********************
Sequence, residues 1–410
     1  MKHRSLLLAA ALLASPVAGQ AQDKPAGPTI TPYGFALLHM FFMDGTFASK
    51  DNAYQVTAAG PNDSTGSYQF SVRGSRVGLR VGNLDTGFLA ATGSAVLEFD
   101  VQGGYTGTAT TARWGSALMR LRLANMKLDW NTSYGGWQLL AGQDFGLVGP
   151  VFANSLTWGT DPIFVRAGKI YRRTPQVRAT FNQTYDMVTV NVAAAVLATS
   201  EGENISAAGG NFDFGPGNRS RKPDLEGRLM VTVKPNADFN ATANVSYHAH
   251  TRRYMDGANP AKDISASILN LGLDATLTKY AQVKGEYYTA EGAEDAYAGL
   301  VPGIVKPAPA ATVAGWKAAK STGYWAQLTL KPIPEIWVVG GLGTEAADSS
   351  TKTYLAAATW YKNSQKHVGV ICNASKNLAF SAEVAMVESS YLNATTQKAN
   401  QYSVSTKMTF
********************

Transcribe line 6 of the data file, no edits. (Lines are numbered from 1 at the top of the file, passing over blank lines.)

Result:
   201  EGENISAAGG NFDFGPGNRS RKPDLEGRLM VTVKPNADFN ATANVSYHAH